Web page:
Is it me... or is storytelling back to take its commercial crown?
Operation Gold Lion is complete. The Twitter feeds have run dry and the Facebook status updates are returning to their mundane normality. I’ve followed and stalked them all – and it’s been great. A few too many posted pictures of your cocktails, sure, but I guess that’s the downside of “not being there”.
Ah, don’t listen to me. I missed that Cannes sun, really… While you were quaffing and gossiping in its gorgeous presence, I was grafting and pitching. With results, mind. Shooting back to back seems to be the new vogue. Why plan a media schedule with gaps when you can cram it all into the same week.
Exhausting Facebook check-ins and candid-cocktail-updates aside, I thought we had a great Cannes. It was particularly satisfying to see so many winners in the narrative arena. And not just because I was harping on about it last month – he says, smugly reclining in his chair.
Numerous narrative ads were recognised featuring living creatures: bears, pigs et al; but sadly not a zombie in sight. I think this puts me one blog point above some other pundits.
Now I know Cannes isn’t all about broadcast commercials. Far from it. The stats show that a very high percentage was outside the broadcast arena. However, as I discussed last month, the mediums might have changed but the criteria for winning remains all about story.
Consciously or subconsciously, creatives, lecturers, and judges can’t help but be seduced by engaging stories. Even in this mobile digital age, a well-executed narrative will still grab attention. Just ask Sheila Leddy:
“…storytelling through film can be a powerful tool to engage audiences. A film, and the story it tells, can create a greater awareness of complex problems…”
People may laugh at the ‘three little pigs’, but they laugh because the story’s content and twisted ‘mash-up’ narrative is clearly about a bigger and more complex story. And, let’s be honest, no one buys a product based solely on what it looks like. There has to be a connection.
Even branded content is beginning to embrace story. About time too. I remember thinking the Olivio campaign would make a great piece of content with it’s simple brand message of longevity. But what did I know? I was just a grunt!
Now that my grunting day are over I have to say that I think the jury got it wrong during one exchange: "Am I judging the quality of the production, the entertainment value or the ad experience?" one juror enquired. The chair's answer: "Judge the idea." How do you judge an idea? There’s no criterion. To me they should be judging the story. Did it move them? Did it engage them? Did it even mean anything to them? At least with these criteria we have a benchmark – otherwise what are we all doing out here?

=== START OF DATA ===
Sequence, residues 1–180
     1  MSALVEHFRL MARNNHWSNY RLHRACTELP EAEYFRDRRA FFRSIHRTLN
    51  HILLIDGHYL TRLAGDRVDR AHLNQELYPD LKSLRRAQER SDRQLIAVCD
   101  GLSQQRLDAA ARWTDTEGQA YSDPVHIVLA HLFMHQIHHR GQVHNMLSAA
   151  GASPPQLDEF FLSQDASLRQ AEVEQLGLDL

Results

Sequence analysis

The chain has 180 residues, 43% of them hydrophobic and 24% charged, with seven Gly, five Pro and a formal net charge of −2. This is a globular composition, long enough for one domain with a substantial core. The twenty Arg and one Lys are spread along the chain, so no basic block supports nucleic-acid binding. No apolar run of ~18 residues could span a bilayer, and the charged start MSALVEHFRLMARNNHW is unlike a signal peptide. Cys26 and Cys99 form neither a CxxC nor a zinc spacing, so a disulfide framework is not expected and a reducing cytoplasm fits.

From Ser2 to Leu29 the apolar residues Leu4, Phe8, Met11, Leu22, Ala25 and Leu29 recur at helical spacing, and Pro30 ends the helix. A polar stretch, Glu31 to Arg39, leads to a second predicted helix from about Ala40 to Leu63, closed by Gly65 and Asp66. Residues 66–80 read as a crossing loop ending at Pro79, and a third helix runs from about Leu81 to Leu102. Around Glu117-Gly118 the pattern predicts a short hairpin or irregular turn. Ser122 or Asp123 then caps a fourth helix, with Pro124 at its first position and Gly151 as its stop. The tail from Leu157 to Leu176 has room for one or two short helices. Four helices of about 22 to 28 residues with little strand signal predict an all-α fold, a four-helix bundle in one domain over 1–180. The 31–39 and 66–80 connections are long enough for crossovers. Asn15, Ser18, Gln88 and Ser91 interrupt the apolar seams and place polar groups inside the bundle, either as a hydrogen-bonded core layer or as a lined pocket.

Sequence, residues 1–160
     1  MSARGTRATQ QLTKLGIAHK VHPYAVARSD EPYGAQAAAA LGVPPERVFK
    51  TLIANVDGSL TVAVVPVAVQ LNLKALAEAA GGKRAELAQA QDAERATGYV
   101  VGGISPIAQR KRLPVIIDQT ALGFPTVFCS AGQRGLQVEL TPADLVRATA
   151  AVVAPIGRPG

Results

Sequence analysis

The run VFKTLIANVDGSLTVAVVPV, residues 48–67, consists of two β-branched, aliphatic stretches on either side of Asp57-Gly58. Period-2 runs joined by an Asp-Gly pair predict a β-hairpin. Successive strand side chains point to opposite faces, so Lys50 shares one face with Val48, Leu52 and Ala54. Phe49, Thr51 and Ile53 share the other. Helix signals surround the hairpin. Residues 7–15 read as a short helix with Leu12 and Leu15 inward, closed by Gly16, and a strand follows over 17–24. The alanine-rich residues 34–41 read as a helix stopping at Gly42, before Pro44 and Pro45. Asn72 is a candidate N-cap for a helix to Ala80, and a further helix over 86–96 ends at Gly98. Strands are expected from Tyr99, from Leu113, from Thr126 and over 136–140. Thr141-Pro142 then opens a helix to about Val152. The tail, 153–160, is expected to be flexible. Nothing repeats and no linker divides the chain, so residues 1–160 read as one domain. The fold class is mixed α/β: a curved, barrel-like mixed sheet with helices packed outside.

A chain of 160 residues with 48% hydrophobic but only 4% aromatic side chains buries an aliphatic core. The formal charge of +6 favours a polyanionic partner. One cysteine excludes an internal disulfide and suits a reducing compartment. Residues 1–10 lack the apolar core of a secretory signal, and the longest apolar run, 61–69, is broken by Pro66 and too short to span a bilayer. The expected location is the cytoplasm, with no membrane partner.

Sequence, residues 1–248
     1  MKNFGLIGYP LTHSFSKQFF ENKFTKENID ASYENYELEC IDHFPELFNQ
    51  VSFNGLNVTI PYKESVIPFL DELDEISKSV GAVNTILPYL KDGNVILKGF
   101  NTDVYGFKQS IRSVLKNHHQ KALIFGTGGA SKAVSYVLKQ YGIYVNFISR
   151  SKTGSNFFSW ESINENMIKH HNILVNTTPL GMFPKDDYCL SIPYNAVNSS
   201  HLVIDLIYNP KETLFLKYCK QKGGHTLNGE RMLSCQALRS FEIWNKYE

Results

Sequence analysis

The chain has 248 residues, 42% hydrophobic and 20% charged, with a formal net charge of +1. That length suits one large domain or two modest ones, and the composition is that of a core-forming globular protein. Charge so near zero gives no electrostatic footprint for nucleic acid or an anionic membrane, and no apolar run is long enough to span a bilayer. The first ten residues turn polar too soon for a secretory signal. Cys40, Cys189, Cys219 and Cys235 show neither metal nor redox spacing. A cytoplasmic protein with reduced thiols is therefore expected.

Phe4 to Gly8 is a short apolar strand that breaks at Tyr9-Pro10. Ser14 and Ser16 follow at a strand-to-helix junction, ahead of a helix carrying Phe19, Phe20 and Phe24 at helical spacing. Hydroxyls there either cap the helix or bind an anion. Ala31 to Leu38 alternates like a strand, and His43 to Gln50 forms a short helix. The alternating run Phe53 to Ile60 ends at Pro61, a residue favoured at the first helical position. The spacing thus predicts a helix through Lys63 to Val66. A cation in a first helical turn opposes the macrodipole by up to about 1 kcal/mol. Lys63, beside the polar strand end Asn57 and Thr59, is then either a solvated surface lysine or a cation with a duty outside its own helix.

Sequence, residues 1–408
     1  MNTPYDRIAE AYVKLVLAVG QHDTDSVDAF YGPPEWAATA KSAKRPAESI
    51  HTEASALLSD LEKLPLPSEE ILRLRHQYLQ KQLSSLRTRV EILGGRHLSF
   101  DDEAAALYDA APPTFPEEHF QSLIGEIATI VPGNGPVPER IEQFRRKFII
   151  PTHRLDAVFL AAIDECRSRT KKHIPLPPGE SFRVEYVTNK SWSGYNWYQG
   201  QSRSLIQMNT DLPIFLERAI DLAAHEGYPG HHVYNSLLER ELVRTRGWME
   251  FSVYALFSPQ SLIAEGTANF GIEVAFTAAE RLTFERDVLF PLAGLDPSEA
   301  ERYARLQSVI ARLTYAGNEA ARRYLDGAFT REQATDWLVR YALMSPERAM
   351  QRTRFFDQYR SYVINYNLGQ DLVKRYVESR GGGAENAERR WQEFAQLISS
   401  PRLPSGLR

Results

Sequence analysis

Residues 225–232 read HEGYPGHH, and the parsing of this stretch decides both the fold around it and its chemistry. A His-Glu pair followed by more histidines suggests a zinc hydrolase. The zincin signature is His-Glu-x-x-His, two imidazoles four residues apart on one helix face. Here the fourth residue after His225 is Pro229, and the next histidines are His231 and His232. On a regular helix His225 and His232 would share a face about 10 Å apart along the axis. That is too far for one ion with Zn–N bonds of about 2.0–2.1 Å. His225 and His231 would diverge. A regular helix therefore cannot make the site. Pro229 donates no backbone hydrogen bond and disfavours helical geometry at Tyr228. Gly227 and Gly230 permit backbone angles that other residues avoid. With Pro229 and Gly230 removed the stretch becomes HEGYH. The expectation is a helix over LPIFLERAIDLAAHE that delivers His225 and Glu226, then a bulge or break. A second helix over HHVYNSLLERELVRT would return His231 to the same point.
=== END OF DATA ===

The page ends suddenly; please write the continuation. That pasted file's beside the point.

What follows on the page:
Of course, the 2012 Cannes Lions were about more than just story. Character and the investigation of character also featured heavily in both work and lectures.
Take a peek at this, for example The Millennials
Inspirational. A brand-new generation of consumers with a different story to tell. Or, hang on, maybe that old adage is true – no matter which generation you belong to, universal stories are still the best. Perhaps that’s why the Inbetweeners Movie was so funny. Well, whatever your point of view there are 2.4 billion Millennials out there. So you best not ignore them.
So there you have it, from my Cyber-Croisette I witnessed stories dominate proceedings at the Lions. Here here. I’ve made a living out of emotionally hooking audiences with narrative and character. Long may the renaissance continue!
And stories were also dominating my day planner. I’m pleased to announce that I’m moving back into screenwriting. It had to be done. It’s been too long since I saw the words CUT TO or in my case SMASH CUT TO on my computer screen.
Watch this (newly revamped) space and my (newly revitalised) social media arena for (new) work in the near future. As we saw in Cannes, you can’t keep a good storyteller down!